Rosamond Johnson Beach Anniversary Growing as a Major Heritage Tourism Celebration



By: Tony McCray

Johnson Beach near Perdido Key has a special place in the minds and hearts of Black Pensacolians as the beautiful white sand beach where families spent their summer weekends. However, many Pensacolians of all persuasions are not aware of how the beach got its name from Army Private Rosamond Johnson, Jr., the first Escambia County resident to die in the Korean War on July 26, 1950.

His mother, Mrs. Alice Johnson, and his brothers, Raymond Reese, Marcelleus Reese, Lemuel Reese, Reginald Reese and Ronald Reese, were sitting in the front of the pavilion just to the right of where the podium was centered.  The Master of Ceremonies, Eugene Franklin, the President and Chief Operating Officer for the Florida Black  Chamber of Commerce, stepped up to the podium to begin the ceremony. Franklin has grown to become one of the premier heritage preservation advocates in the State of Florida where he sits on the National Black Chamber Board of Directors.

On July 26, 1950, Private Rosamond Johnson had successfully carried two wounded soldiers to safety and was returning for a third soldier when he was fatally wounded. Rosamond joined the Army at 15 years old to help take care of his mother, who is still alive today at the age of 99 years old. He was 17 years young when he died.  The Purple Heart was awarded to him on August 21, 1950.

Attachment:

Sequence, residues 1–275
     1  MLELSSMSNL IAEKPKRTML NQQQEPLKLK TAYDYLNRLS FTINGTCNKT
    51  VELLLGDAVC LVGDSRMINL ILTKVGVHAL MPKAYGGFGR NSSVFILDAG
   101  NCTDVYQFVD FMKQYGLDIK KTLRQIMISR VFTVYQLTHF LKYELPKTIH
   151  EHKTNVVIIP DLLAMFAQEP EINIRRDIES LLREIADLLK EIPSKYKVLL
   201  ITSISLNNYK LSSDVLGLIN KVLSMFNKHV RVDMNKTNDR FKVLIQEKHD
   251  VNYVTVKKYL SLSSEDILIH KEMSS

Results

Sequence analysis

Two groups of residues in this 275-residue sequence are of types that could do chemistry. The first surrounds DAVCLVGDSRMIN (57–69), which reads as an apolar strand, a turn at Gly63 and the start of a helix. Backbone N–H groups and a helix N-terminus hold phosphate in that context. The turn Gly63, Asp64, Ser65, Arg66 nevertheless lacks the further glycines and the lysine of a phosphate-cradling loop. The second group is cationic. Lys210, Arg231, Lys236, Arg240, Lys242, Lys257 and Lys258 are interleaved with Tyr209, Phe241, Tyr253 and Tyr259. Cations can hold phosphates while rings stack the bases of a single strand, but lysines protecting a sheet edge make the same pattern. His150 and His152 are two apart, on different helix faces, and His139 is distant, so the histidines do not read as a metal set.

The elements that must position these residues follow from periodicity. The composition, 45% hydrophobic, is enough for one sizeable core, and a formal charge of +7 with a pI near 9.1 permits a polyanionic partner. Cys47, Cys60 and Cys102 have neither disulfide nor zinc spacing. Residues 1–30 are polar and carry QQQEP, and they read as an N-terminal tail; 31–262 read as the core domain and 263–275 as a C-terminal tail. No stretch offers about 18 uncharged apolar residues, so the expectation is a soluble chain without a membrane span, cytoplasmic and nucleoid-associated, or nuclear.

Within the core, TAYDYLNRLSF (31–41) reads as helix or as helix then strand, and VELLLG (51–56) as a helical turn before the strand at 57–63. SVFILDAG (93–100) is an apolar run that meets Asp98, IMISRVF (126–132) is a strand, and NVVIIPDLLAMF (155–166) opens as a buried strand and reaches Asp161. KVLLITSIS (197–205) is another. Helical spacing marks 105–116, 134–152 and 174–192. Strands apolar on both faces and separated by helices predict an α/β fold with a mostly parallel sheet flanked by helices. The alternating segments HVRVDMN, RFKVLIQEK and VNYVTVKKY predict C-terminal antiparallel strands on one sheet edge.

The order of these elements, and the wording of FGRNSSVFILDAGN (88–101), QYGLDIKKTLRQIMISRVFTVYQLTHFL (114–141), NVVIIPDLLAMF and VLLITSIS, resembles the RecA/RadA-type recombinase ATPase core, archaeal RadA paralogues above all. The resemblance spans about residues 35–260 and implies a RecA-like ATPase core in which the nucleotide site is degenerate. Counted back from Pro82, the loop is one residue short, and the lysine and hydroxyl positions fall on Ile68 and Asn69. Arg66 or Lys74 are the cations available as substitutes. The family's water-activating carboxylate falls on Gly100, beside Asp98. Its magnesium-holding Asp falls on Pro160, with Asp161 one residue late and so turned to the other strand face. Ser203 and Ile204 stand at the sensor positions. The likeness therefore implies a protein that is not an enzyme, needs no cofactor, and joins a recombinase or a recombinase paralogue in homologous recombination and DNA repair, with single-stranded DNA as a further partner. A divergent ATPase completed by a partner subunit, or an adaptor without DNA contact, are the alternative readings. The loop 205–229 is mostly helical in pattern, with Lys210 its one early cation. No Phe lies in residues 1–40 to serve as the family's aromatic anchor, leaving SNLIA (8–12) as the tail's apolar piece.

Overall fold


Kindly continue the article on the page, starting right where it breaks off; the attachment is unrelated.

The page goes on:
Johnson Beach and all of Pensacola Beaches was racially segregated when Rosamond was killed. It was after the Korean War when the Sunset Riding Club advocated that the Escambia County recreation area be named after the Pensacola war hero. The area became part of the National Seashore in 1973 and a permanent marker was erected in his honor on June 10, 1996.

Superintendent Dan Brown of the Gulf Islands National Seashore welcomed those in attendance. He spoke of the annual ceremony and the monument with the pride of a father with the responsibility to support the ongoing celebrations each year.

In 1996, the National Park Service began reviewing how it documents the bravery of African Americans in their park units. That process of review continues in 2016, the National Park Service’s 100th Year Celebration. The goal is: To connect with and create the Next Generation of Park Visitors, Supporters, and Advocates.    

This initiative by the National Park Service, the Florida Black Chamber, and the Perdido Key Area Chamber, and the Johnson Family is a great example of Heritage Tourism at work. Alison Davenport of the Perdido Chamber gave a heartwarming salute to Rosamond, and his mother Mrs. Johnson on how it must have felt when she found out her son had been killed in the war. She was followed by the ever insightful, Sue Straughn, Pensacola’s own WEAR TV News Anchor, who spoke of her memories of coming to Johnson Beach as a child with her family during the years of segregation. Her riveting presentation was the signature place on the program agenda that spoke to the importance of Black History Preservation.

After Straughn’s presentation, Mrs. Johnson herself came up to the microphone and said thank you to the public for coming to celebrate her son’s memory. Following the official program the crowd moved to a new monument and the Johnson Family began to serve a hearty meal of fish, hamburgers, hot dogs, baked beans, French fries, and cold slaw.   Preparations have already begun for next year’s celebration on May 6, 2017.

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